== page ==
A computer algorithm has been developed that can read facial expressions and determine whether they denote happy, sad, angry or almost any other emotion with nearly 99 per cent accuracy.
The technology could be used by the games industry to capture and display player’s emotions on their in-game avatars or activate suitable actions to communicate with other players in various scenarios, including educational applications.
The developers, Hyung-Il Choi from Soongsil University, in Seoul, Korea, and Nhan Thi Cao and An Hoa Ton-That of Vietnam National University, in Ho Chi Minh City, said the system is simple and fast and has been tested on thousands of facial images.
Fundamentally, the system uses mathematical processing to measure eyebrow position, the openness of the eyes, mouth shape and other factors in order to correlate those with basic human emotions: anger, disgust, fear, joy, sadness, surprise and a neutral expression.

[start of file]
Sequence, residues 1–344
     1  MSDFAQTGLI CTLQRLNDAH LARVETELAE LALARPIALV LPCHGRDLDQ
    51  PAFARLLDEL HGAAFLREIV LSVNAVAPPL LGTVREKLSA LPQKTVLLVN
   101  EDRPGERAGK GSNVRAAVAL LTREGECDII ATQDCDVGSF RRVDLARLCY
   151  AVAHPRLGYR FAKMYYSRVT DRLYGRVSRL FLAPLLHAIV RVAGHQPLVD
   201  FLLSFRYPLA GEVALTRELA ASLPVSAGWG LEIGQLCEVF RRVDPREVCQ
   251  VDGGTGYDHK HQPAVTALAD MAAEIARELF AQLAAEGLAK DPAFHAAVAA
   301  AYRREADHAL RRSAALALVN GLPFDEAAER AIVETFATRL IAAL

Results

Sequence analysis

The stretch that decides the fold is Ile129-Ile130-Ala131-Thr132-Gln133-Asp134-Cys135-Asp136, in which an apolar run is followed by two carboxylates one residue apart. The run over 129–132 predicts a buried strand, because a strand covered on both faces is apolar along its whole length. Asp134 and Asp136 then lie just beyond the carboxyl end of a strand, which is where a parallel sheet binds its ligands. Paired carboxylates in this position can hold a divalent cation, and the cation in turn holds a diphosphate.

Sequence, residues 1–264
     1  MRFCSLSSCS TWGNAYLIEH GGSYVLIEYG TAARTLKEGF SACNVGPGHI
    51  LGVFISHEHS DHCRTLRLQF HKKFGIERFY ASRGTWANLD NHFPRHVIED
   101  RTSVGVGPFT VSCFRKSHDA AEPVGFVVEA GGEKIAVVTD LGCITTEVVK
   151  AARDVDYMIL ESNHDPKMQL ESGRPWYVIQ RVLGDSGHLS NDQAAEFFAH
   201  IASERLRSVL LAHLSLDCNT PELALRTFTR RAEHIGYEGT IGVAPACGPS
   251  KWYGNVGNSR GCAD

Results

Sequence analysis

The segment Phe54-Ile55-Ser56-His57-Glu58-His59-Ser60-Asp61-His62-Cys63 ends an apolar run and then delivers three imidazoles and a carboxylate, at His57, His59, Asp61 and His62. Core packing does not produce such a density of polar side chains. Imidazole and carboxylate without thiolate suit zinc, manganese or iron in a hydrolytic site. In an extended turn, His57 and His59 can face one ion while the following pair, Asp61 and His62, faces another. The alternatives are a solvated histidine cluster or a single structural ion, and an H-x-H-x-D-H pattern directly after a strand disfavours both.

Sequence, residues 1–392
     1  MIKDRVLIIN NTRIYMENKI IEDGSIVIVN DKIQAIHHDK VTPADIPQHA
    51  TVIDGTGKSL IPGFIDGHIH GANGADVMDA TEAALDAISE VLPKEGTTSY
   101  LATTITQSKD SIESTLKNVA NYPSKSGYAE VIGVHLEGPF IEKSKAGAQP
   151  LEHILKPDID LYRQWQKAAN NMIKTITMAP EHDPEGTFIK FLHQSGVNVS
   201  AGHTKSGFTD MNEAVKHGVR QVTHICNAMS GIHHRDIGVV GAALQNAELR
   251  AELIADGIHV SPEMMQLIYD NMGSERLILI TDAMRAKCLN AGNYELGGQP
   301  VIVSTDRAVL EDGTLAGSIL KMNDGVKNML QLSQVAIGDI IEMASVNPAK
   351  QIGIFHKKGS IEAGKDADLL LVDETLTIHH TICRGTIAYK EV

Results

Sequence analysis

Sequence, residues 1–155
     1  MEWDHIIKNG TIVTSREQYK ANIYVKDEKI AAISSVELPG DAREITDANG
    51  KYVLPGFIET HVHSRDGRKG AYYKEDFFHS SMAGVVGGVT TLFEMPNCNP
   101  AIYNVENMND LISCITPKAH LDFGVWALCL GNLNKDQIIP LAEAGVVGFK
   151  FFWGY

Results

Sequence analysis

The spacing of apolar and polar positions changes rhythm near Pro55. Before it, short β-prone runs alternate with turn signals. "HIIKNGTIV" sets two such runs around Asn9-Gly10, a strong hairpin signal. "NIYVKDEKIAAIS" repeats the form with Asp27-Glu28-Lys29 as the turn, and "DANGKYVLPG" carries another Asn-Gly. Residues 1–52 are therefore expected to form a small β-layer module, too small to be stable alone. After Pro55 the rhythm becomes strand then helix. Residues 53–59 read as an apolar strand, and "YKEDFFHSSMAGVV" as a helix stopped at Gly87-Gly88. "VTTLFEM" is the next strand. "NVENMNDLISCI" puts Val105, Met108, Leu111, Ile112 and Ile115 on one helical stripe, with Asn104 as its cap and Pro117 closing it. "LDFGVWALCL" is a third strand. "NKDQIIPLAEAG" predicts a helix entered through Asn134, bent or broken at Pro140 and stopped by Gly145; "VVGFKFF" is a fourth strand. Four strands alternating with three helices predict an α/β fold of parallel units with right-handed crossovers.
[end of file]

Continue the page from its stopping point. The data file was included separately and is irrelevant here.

The system is even able to accurately determine the emotions of facial images that are just 48 pixels square.
Facial expression recognition has been the focus of much research in recent years, thanks to the emergence of intelligent communication systems, data-driven animation and intelligent game applications.
Last year, a humanoid robot named Han was revealed. It is equipped with pattern recognition software to get a reading on facial expressions and it is able to recognise and interact with the person in front of it.
"When facial expressions recognition of players is applied in an intelligent game system, the experience can become more interactive, vivid and attractive," the developers of the new algorithm said.
They believe that the system could be adapted in the future to track the emotional expressions of actors voicing the characters in animated movies and other media for more realistic real-time emotional expression.
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